Guest editorial: The right way to get air conditioning in your rental

Posted: September 9th, 2016 | Opinion, Opinion & News | No Comments

By Molly Kirkland

San Diego’s mild climate makes air conditioning unnecessary for most of the year. Many homes don’t even have an air conditioning system. But at the height of summer, particularly in August and September, the need for a cool room can become overwhelming, even for those who live near the coast.

Renters looking to outfit their homes with air conditioners have fewer options than homeowners do, but if they’re determined and work with their landlord or property manager, renters can usually find a way.

The most convenient option is the portable air conditioning unit. These units sell for as little as $250 and can cool a bedroom, a living room or even a small studio apartment. About the size of a large suitcase, they typically sit on wheels and blow hot air through a tube out a window. Portable air conditioners are ideal for renters because they do not require any permanent modifications to the building, and the air conditioner can easily be moved to another residence at the end of a lease term.

Another fairly convenient option is the window air conditioner. About the size of a microwave oven, these units sit directly in a window, blowing hot air outside and chilled air into the room. To install these units, the window screen generally needs to be removed, and some supports may need to be attached to the wall. Due to potential need for modifications to the window or wall, we highly recommend consulting with your landlord or property manager before attempting to install. Like portable air conditioners, window units can easily be moved to another residence when the lease term ends.

There are other options that are less ideal for renters because they require extensive modifications to the building. Through-the-wall units are similar to window units but require a section of the wall be cut out and a metal case bolted to the wall. Whole-house or central air conditioning units require even more extensive renovation work to install ducts and vents. Never attempt to install a through-the-wall unit or central air without the express consent and collaboration of your landlord.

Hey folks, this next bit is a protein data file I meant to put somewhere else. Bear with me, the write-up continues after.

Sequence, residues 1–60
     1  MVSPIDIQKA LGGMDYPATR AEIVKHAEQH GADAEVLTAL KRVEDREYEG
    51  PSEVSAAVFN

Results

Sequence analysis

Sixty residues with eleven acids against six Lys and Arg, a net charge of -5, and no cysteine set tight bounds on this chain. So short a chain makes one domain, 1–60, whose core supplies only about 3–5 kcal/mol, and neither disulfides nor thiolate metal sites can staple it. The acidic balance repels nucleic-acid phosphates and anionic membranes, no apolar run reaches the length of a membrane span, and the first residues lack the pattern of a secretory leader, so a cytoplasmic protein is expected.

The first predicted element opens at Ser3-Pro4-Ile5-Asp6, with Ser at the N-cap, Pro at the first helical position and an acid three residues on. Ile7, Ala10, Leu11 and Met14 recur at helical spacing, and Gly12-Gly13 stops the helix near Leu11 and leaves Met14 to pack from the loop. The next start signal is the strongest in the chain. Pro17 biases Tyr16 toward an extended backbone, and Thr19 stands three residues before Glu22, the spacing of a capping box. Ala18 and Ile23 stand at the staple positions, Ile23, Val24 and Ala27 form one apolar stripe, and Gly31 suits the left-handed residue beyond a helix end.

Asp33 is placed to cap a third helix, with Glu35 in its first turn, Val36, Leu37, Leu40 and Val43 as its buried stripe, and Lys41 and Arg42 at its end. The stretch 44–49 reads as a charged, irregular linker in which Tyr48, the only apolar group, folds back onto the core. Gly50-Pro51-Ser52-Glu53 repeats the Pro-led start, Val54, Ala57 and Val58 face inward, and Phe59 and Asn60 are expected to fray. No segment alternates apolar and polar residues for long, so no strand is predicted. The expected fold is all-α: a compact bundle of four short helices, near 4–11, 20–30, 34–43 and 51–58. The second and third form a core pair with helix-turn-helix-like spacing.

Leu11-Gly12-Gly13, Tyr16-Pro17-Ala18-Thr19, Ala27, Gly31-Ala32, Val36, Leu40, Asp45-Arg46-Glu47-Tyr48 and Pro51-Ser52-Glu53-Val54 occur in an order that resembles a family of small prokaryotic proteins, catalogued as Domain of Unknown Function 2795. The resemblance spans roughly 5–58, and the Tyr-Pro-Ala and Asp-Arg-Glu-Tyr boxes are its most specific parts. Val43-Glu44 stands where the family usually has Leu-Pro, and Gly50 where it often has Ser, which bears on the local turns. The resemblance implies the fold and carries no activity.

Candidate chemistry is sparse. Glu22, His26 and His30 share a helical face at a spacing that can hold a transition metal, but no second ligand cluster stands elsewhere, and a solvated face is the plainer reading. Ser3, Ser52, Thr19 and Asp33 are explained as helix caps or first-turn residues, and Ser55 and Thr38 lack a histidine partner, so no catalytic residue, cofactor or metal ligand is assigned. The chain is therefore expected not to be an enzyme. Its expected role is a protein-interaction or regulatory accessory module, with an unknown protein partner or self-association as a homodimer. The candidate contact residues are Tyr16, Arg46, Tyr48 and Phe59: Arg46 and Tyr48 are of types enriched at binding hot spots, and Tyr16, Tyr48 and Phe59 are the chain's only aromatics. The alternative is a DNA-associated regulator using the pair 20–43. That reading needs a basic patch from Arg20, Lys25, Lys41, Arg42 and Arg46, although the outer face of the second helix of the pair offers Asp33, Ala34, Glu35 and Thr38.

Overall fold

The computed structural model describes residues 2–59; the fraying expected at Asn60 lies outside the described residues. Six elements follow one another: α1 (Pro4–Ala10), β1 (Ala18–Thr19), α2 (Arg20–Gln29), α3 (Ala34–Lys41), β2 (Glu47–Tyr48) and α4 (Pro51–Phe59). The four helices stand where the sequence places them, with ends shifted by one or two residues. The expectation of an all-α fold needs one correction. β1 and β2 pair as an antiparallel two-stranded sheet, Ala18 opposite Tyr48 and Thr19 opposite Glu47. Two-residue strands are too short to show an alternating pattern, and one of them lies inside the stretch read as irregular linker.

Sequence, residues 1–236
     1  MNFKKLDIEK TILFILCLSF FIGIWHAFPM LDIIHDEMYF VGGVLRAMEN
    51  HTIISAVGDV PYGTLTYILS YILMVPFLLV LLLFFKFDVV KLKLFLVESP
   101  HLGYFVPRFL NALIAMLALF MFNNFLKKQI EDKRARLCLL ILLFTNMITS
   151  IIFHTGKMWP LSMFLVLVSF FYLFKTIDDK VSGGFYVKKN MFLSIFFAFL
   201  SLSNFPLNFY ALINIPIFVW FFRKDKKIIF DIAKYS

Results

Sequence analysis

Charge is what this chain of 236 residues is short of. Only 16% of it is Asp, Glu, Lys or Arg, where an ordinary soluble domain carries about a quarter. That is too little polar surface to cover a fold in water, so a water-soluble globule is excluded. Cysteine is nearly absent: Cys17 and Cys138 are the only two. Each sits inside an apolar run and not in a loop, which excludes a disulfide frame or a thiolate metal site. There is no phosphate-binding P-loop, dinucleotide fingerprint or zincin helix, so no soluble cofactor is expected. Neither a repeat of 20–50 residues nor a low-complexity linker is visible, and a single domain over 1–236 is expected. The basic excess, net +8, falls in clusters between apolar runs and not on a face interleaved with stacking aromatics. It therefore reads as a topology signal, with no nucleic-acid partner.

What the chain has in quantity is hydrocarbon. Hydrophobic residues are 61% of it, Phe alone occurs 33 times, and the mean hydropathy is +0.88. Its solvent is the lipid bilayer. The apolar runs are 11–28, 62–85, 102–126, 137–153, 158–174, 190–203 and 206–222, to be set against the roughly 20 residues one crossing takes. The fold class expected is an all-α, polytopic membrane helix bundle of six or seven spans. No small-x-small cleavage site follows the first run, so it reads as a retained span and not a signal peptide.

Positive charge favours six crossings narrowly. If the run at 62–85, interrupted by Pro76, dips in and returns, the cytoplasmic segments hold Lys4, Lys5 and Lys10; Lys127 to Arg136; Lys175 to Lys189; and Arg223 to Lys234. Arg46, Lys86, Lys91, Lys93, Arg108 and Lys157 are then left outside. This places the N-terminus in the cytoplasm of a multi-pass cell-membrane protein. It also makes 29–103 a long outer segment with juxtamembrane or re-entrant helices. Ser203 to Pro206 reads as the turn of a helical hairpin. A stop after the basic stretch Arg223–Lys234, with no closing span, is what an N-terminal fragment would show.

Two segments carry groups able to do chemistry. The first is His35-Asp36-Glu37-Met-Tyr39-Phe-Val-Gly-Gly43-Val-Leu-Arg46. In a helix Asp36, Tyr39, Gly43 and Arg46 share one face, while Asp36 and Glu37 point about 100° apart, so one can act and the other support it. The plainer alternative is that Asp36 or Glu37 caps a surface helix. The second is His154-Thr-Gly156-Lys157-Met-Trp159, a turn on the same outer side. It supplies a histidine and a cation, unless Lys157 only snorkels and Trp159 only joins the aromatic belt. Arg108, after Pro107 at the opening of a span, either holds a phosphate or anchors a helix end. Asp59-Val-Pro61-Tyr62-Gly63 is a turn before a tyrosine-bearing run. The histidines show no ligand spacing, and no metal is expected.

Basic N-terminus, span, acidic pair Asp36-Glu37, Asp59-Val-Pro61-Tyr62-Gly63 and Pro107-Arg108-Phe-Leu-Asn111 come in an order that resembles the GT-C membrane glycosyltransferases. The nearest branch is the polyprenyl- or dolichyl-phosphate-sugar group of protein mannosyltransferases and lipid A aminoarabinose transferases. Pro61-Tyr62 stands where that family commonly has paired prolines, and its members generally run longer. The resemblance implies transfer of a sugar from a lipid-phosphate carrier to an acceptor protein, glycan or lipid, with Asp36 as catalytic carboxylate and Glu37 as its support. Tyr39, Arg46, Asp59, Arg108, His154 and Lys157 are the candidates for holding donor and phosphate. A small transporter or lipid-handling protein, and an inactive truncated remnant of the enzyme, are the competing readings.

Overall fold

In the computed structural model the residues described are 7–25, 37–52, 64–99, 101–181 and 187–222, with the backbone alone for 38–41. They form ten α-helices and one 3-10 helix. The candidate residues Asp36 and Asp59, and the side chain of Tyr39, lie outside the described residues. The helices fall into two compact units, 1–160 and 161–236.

If your landlord has given you permission to install a through-the-wall air conditioner, be sure to spell out the terms of your agreement in writing. Be specific about who the AC unit belongs to, because this person will be responsible for maintaining the unit and subsequent damage resulting from improper installation.

Most tenants pay their own electrical bill, but in the rare case that your landlord pays for electricity, establish an agreement with your landlord before you start using your air conditioner. Your landlord may want to bill you back for the added energy cost.

Keep in mind that you may be held liable for damage to window screens, window sills, walls or other parts of the building. You should also consider that some older buildings do not have the modern electrical wiring needed to support the operation of an energy-intensive air conditioner. If you don’t have permission from your landlord and your air conditioner damages the electrical system or another tenant’s property, you could be held responsible to pay for any repairs. (This is one of many reasons you should always maintain renter’s insurance, even if your landlord does not require it.)

Where there’s a will to get AC in your rental, there’s usually a way. Just be sure to consult with your landlord or property manager, and be prepared to cover any associated costs.

And if nothing else, keep curtains or blinds closed on windows facing the sun, and buy some inexpensive fans. If that’s not enough, there are also more than 100 “Cool Zones” throughout the county. Look for the polar bear Cool Zone signs or visit

Stay cool, San Diego!

—Molly Kirkland is director of public affairs for the San Diego County Apartment Association.

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